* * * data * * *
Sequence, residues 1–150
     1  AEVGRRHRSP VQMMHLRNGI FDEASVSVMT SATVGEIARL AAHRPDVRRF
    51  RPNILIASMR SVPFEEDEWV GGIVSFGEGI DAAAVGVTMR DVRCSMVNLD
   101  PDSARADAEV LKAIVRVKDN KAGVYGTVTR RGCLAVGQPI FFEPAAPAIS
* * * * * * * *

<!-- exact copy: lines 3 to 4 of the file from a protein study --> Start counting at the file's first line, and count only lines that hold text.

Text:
    51  RPNILIASMR SVPFEEDEWV GGIVSFGEGI DAAAVGVTMR DVRCSMVNLD
   101  PDSARADAEV LKAIVRVKDN KAGVYGTVTR RGCLAVGQPI FFEPAAPAIS